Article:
1.Basic Maths (1) : Vectors
7
Lecture1.1

Lecture1.2

Lecture1.3

Lecture1.4

Lecture1.5

Lecture1.6

Lecture1.7


2.Basic Maths (2) : Calculus
4
Lecture2.1

Lecture2.2

Lecture2.3

Lecture2.4


3.Unit and Measurement
13
Lecture3.1

Lecture3.2

Lecture3.3

Lecture3.4

Lecture3.5

Lecture3.6

Lecture3.7

Lecture3.8

Lecture3.9

Lecture3.10

Lecture3.11

Lecture3.12

Lecture3.13


4.Motion (1) : Straight Line Motion
10
Lecture4.1

Lecture4.2

Lecture4.3

Lecture4.4

Lecture4.5

Lecture4.6

Lecture4.7

Lecture4.8

Lecture4.9

Lecture4.10


5.Motion (2) : Graphs
3
Lecture5.1

Lecture5.2

Lecture5.3


6.Motion (3) : Two Dimensional Motion
6
Lecture6.1

Lecture6.2

Lecture6.3

Lecture6.4

Lecture6.5

Lecture6.6


7.Motion (4) : Relative Motion
7
Lecture7.1

Lecture7.2

Lecture7.3

Lecture7.4

Lecture7.5

Lecture7.6

Lecture7.7


8.Newton's Laws of Motion
8
Lecture8.1

Lecture8.2

Lecture8.3

Lecture8.4

Lecture8.5

Lecture8.6

Lecture8.7

Lecture8.8


9.Constrain Motion
3
Lecture9.1

Lecture9.2

Lecture9.3


10.Friction
6
Lecture10.1

Lecture10.2

Lecture10.3

Lecture10.4

Lecture10.5

Lecture10.6


11.Circular Motion
6
Lecture11.1

Lecture11.2

Lecture11.3

Lecture11.4

Lecture11.5

Lecture11.6


12.Work Energy Power
12
Lecture12.1

Lecture12.2

Lecture12.3

Lecture12.4

Lecture12.5

Lecture12.6

Lecture12.7

Lecture12.8

Lecture12.9

Lecture12.10

Lecture12.11

Lecture12.12


13.Momentum
9
Lecture13.1

Lecture13.2

Lecture13.3

Lecture13.4

Lecture13.5

Lecture13.6

Lecture13.7

Lecture13.8

Lecture13.9


14.Center of Mass
5
Lecture14.1

Lecture14.2

Lecture14.3

Lecture14.4

Lecture14.5


15.Rotational Motion
14
Lecture15.1

Lecture15.2

Lecture15.3

Lecture15.4

Lecture15.5

Lecture15.6

Lecture15.7

Lecture15.8

Lecture15.9

Lecture15.10

Lecture15.11

Lecture15.12

Lecture15.13

Lecture15.14


16.Rolling Motion
11
Lecture16.1

Lecture16.2

Lecture16.3

Lecture16.4

Lecture16.5

Lecture16.6

Lecture16.7

Lecture16.8

Lecture16.9

Lecture16.10

Lecture16.11


17.Gravitation
8
Lecture17.1

Lecture17.2

Lecture17.3

Lecture17.4

Lecture17.5

Lecture17.6

Lecture17.7

Lecture17.8


18.Simple Harmonic Motion
13
Lecture18.1

Lecture18.2

Lecture18.3

Lecture18.4

Lecture18.5

Lecture18.6

Lecture18.7

Lecture18.8

Lecture18.9

Lecture18.10

Lecture18.11

Lecture18.12

Lecture18.13


19.Waves (Part1)
11
Lecture19.1

Lecture19.2

Lecture19.3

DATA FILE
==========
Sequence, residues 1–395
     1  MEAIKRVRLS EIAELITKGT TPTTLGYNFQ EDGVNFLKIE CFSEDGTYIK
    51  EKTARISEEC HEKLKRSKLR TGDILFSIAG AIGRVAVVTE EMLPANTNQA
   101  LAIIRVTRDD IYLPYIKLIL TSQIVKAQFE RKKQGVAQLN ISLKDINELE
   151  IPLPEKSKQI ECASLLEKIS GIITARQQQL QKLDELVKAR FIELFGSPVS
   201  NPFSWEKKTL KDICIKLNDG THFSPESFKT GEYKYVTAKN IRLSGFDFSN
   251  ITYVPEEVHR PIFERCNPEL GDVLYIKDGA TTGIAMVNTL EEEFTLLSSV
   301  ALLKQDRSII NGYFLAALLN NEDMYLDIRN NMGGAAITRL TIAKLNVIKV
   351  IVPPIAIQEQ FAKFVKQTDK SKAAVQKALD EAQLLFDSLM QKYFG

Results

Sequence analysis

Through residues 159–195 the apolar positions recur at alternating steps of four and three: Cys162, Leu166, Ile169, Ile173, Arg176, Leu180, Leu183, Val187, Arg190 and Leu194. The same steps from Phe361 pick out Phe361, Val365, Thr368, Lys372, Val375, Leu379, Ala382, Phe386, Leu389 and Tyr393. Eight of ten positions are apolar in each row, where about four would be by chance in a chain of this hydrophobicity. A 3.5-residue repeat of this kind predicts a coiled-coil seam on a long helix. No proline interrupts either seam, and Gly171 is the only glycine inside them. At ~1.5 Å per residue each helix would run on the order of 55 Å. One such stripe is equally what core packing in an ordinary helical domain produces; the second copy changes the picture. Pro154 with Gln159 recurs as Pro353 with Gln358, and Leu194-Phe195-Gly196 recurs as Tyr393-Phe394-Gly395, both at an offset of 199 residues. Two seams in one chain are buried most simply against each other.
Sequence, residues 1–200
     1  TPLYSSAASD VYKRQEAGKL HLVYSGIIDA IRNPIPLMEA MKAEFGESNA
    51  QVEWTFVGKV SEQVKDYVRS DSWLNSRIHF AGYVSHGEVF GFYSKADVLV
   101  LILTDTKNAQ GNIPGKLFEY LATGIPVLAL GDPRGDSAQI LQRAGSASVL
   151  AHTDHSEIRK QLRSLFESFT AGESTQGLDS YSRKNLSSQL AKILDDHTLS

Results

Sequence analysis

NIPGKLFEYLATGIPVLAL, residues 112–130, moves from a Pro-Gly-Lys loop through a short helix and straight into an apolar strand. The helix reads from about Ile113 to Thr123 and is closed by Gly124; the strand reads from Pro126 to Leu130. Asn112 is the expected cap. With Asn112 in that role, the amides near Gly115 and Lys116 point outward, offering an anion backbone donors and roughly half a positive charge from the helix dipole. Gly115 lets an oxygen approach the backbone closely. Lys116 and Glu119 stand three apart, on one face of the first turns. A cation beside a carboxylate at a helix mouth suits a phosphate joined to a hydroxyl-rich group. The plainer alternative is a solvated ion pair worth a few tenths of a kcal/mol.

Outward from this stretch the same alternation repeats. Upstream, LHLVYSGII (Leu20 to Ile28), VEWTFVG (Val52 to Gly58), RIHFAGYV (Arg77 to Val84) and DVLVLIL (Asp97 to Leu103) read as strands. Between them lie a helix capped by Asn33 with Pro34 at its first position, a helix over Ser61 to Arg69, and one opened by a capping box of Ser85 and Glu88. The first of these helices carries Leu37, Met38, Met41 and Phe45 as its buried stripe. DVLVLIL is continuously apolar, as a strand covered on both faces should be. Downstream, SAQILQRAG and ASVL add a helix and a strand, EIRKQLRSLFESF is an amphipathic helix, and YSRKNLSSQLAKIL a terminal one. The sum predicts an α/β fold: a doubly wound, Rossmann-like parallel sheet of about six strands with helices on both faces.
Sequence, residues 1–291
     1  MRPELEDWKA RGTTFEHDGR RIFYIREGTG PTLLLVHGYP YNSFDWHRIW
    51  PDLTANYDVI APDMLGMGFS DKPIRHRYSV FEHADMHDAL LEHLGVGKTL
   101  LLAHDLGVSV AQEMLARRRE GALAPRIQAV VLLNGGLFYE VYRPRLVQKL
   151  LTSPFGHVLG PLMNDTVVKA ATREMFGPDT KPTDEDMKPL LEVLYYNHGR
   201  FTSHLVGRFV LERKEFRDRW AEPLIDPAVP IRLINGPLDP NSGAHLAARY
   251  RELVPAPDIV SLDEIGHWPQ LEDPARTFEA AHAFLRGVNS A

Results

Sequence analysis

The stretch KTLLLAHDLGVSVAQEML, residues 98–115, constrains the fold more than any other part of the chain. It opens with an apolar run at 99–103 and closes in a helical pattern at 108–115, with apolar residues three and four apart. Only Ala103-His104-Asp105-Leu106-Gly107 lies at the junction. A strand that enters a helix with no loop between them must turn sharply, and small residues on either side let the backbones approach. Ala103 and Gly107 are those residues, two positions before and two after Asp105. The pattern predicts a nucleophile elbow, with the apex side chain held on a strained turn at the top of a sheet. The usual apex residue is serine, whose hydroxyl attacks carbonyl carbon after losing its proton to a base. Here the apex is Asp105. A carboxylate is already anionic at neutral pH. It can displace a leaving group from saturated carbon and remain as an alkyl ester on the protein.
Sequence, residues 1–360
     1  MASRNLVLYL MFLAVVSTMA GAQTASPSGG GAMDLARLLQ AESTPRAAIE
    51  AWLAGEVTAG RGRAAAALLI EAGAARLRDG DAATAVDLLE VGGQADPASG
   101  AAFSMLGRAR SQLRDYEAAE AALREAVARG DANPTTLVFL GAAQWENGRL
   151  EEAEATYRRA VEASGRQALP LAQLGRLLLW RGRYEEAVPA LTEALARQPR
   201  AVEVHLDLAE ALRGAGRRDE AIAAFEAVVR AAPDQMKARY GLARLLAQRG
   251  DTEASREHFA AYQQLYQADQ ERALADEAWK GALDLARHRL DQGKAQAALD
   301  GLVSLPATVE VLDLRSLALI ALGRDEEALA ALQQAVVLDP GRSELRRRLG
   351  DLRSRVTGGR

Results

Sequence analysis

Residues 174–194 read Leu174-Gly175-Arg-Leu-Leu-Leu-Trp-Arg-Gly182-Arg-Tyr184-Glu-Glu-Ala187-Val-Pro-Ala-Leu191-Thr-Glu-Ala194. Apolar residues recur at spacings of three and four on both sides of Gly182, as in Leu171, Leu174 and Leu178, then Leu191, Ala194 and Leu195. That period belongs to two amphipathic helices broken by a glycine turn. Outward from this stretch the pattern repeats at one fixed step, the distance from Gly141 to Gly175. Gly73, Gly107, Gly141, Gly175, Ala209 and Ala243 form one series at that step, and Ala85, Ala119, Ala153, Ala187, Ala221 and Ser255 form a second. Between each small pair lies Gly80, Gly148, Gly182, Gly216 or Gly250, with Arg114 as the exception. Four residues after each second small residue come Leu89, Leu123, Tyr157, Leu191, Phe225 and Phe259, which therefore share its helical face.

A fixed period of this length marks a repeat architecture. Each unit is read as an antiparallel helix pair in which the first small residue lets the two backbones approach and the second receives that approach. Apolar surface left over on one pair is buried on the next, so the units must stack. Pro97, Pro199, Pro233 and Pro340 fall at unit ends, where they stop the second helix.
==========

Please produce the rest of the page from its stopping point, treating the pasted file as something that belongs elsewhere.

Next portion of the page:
Lecture19.4

Lecture19.5

Lecture19.6

Lecture19.7

Lecture19.8

Lecture19.9

Lecture19.10

Lecture19.11


20.Waves (Part2)
10
Lecture20.1

Lecture20.2

Lecture20.3

Lecture20.4

Lecture20.5

Lecture20.6

Lecture20.7

Lecture20.8

Lecture20.9

Lecture20.10


21.Mechanical Properties of Solids
6
Lecture21.1

Lecture21.2

Lecture21.3

Lecture21.4

Lecture21.5

Lecture21.6


22.Thermal Expansion
5
Lecture22.1

Lecture22.2

Lecture22.3

Lecture22.4

Lecture22.5


23.Heat and Calorimetry
2 
24.Heat Transfer
6
Lecture24.1

Lecture24.2

Lecture24.3

Lecture24.4

Lecture24.5

Lecture24.6


25.Kinetic Theory of Gases
6
Lecture25.1

Lecture25.2

Lecture25.3

Lecture25.4

Lecture25.5

Lecture25.6


26.Thermodynamics
9
Lecture26.1

Lecture26.2

Lecture26.3

Lecture26.4

Lecture26.5

Lecture26.6

Lecture26.7

Lecture26.8

Lecture26.9


27.Fluids
14
Lecture27.1

Lecture27.2

Lecture27.3

Lecture27.4

Lecture27.5

Lecture27.6

Lecture27.7

Lecture27.8

Lecture27.9

Lecture27.10

Lecture27.11

Lecture27.12

Lecture27.13

Lecture27.14


28.Surface Tension and Viscosity
6
Lecture28.1

Lecture28.2

Lecture28.3

Lecture28.4

Lecture28.5

Lecture28.6

Chapter Notes – Fluids
FLUID STATICS
It refers to the state when there is no relative velocity between fluid elements. In this section we will learn some of the properties of the fluid statics.
Pressure
The pressure exerted by a fluid is defined as the force per unit area at a point within the fluid. Consider an element of area DA as shown in figure on which an external force DF is acting normal to the surface. The average pressure in the fluid at the position of the element is given by
pav=ΔFΔA
As ΔA→0, the element reduces to a point, and thus, pressure at a point is defined as
p=LimΔA→0ΔFΔA=dFdA
When the force is constant over the surface A, the above equation reduces to
p=FA
The SI unit of pressure Nm^{2} and is also called pascal (Pa).
The other common pressure unit are the atmosphere and bar.
1atm=1.01325×105Pa
1bar=1.00000×105Pa
Example 1
Atmospheric pressure is about 1.01×105 Pa. How large a force does the atmosphere exert on a 2 cm^{2} area on the top of your head?
Solution
Because p = F/A, where F is perpendicular to A, we have F = pA. Assuming that 2 cm^{2} of your head is flat (nearly correct) and that the force due to the atmosphere is perpendicular to the surface (as it is), we have
F=pA=(1.01×105N/m2)(2×10−4m2)≈20N
Pressure is Isotropic
Imagine a static fluid and consider a small cubic element of it deep within the fluid as shown in figure. Since this fluid element is in equilibrium, therefore, forces acting on each lateral face of this element must also be equal in magnitude. Because the areas of each face are equal, therefore, the pressure on each of the lateral faces must also be the same. In the limit as the cube element reduces to a point, the forces on the top and bottom surfaces also become equal. Thus, the pressure exerted by a fluid at a point is the same in all directions –– the pressure is isotropic.